Can you think of anything more poignant than a soldier returning home from the Iraq war on Christmas Day? Novelist Cara Hoffman expertly creates such a tableau at the opening of her new novel, “Be Safe I Love You.” Sgt. Lauren Clay sneaks into the house of her father, Jack, and younger brother, Danny:
“Danny threw his arms around her and their father, and he rocked them back and forth,” Hoffman writes. “Jack let go so that he could give his sister a proper embrace. ‘Whooooo!’ Danny yelled. He high-fived her. Then hugged her again. She rested her head against his shoulder and they stood that way close to tears. He still felt like a baby to her. Taller and thinner but no muscles. She pulled back to look at him. His once round face was now longer and defined, making their resemblance clear, the dark hair and eyes and something in the expression. Some abiding tough sweetness. ‘The two of you,’ Jack said, wiping his eyes, the smile still there. ‘Look at you.’ ”
The Grinch himself would feel swept up in the tenderness of this holiday moment, so raw and ramshackle-perfect. But what we don’t know yet is that this beloved young woman is only halfway home.
In so many ways, we still think of warfare and soldiering as male endeavors. The plight of the female soldier remains largely out of view — in print media, on television news, even in fiction and film. Through Lauren, Hoffman’s thoroughly researched and carefully crafted heroine, “Be Safe I Love You” illuminates the distaff side of military service and the ways that life in uniform are at once different and, at times, uncannily similar for men and women.
Like so many working-class kids, Lauren enlisted in hopes of marching her way into the middle class, bringing her family with her. The signing bonus promised to her may well save her father’s house from foreclosure, but the financial edge she sought comes at a steep price, and she returns to Watertown, N.Y., under a pall of traumatic stress, fatigue and disillusionment. The father and brother for whom she feels responsible seem to have faltered in her absence. Jack has grown frail and absent-minded, while Danny seeks escape in music and near-constant screen time. Old friends and lovers notice that Lauren has changed, too, and the Army psychologist overseeing her unit calls repeatedly.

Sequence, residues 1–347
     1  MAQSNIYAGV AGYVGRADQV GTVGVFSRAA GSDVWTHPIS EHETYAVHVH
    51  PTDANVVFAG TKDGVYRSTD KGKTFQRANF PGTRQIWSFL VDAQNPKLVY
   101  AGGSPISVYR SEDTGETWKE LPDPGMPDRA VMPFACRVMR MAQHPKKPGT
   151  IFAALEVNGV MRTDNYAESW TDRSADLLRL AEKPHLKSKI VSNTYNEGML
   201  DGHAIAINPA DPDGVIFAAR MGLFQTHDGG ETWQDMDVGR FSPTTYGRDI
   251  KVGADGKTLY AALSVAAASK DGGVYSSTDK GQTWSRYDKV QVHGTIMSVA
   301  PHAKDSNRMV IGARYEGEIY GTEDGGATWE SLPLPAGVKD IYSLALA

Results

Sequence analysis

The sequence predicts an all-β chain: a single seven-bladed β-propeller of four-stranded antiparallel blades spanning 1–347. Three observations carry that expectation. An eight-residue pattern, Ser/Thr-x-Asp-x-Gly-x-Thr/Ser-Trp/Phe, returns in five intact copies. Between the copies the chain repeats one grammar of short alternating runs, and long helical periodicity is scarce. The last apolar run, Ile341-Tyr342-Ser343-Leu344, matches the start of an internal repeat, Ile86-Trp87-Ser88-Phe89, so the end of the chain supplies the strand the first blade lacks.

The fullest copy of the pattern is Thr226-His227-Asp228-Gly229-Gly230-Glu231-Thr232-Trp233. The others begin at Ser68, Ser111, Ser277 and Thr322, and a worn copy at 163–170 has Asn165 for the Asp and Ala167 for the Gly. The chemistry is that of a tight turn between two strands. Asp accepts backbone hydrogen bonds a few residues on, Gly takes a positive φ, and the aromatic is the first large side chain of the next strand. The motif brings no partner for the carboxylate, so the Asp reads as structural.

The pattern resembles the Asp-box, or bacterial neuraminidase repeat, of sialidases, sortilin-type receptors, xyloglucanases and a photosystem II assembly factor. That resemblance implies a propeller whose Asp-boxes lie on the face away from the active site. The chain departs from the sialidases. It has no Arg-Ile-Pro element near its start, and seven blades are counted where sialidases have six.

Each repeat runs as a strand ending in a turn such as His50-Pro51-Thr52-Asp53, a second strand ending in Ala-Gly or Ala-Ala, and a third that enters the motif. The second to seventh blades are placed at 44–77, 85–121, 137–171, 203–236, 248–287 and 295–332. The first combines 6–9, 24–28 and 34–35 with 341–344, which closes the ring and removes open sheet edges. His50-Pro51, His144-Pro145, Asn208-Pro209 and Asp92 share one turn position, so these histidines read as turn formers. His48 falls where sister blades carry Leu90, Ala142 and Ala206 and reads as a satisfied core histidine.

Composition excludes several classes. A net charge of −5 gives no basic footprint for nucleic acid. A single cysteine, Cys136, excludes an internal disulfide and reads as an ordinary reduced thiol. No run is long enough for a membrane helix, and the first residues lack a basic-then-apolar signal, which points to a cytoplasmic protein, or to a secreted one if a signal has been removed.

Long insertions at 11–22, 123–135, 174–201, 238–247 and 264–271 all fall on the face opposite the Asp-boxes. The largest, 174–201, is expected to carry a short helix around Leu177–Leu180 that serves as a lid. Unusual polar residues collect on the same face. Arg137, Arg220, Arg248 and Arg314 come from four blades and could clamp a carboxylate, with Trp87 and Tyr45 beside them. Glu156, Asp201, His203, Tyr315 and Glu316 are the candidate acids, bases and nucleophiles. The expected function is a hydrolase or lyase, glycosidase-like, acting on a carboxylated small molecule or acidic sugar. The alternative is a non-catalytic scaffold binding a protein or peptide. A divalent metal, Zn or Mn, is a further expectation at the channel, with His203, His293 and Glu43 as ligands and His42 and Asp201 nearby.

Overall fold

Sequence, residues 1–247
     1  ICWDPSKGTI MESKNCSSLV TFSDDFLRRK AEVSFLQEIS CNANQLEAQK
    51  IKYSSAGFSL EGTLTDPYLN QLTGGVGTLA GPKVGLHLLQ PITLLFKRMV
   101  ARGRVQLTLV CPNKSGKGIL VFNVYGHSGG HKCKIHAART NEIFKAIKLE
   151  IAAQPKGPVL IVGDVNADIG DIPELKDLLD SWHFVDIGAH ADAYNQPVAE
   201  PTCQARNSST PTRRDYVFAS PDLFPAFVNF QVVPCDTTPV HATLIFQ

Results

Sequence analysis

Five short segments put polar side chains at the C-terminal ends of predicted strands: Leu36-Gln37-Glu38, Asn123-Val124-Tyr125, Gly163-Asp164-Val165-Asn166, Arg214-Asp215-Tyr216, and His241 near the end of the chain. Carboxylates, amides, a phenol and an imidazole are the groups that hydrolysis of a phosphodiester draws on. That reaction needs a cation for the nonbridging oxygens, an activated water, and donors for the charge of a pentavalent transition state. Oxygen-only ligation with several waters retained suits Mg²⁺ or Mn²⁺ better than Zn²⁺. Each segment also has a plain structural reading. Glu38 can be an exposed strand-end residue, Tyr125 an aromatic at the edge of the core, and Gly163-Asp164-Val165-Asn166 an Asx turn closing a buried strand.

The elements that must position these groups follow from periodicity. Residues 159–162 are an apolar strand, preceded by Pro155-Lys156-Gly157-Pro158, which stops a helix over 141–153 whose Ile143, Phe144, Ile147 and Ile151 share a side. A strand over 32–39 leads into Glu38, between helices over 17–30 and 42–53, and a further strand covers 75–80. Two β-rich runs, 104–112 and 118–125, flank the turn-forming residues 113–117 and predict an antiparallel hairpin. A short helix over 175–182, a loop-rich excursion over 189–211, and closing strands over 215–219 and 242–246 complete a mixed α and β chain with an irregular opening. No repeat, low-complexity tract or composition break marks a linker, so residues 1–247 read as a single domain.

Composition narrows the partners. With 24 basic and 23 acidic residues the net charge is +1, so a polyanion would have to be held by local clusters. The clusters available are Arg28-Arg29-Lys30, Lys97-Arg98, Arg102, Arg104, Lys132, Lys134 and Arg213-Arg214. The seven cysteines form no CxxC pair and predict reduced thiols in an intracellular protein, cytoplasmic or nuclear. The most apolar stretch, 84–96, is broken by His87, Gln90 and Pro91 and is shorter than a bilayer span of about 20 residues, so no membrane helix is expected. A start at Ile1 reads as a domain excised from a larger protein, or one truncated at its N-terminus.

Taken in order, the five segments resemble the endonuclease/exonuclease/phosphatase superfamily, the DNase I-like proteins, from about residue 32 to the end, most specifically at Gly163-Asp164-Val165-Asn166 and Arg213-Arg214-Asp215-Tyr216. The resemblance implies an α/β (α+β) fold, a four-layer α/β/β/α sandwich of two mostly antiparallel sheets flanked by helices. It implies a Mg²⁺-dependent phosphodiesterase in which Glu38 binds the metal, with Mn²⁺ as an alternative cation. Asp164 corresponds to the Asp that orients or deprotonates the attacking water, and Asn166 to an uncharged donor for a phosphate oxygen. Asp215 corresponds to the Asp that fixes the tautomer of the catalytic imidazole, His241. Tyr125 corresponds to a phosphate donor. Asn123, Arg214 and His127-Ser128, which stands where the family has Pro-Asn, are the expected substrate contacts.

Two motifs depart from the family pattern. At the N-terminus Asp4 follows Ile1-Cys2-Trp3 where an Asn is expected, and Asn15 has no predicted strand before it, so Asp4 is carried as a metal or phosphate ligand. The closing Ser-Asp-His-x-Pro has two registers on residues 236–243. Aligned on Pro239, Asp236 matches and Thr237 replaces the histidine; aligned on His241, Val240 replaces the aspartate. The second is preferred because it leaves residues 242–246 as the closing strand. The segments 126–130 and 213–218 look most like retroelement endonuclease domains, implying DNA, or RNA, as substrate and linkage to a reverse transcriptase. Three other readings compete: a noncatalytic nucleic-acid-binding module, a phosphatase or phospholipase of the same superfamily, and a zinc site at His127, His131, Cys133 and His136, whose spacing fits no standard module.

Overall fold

Hemmed in by the dreary limitations of her sleepy hometown and haunted by phobias, fixations and nightmares, Lauren offers to take Danny on a trip — ostensibly to visit their mother upstate. Instead, she takes her brother deep into the Canadian woods on a strange mission that falls somewhere between survivalist training and war-inspired vision quest.
“The sky was already turning violet over the rounded tree-lined hillsides in the west,” Hoffman writes. “The place was more beautiful and distant than she’d hoped. . . . As if sacred music had become a place, found a material form. She felt her heart pound with something other than the instinctual chemical flood of being a hunted, hunting animal, the grounded yet soaring feeling that comes from using your body to sing. She smiled and filled her lungs with the cold clean air. The things that take your breath, she thought, didn’t have to take your life.”
Toward the end of this fine novel, Lauren finds a new life for herself based on her old passions, but Hoffman doesn’t give us the sense that she’s fully healed. Rather, she is, in her own way, soldiering on, a woman forever changed. Though her future seems full of promise, there can be no guarantee that she will always be one step ahead of her private terrors, no certainty that she will never again know the grip of war’s chaos. “She knew now that the difference between never and always was small,” Hoffman writes. “Never and always are separated by a wasp’s waist, a small sliver of safety glass, one bead of sweat; separated by the seven seconds it takes to exhale the air from your lungs, to make your body as still as the corpse you are about to create.”
Burana is the author of three books, including, most recently, “I Love a Man in Uniform: A Memoir of Love, War, and Other Battles.”
BE SAFE I LOVE YOU
By Cara Hoffman
Simon & Schuster. 289 pp. $26